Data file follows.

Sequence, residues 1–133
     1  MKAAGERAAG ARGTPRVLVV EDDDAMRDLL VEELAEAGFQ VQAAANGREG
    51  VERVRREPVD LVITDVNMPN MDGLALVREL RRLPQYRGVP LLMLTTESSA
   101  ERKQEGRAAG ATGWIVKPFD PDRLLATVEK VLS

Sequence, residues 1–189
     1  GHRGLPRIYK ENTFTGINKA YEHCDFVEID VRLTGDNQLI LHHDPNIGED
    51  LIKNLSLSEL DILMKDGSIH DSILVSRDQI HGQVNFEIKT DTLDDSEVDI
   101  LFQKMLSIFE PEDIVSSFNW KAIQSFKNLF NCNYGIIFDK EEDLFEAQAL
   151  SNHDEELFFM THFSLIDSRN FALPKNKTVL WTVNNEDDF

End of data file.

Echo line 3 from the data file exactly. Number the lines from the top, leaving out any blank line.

    51  VERVRREPVD LVITDVNMPN MDGLALVREL RRLPQYRGVP LLMLTTESSA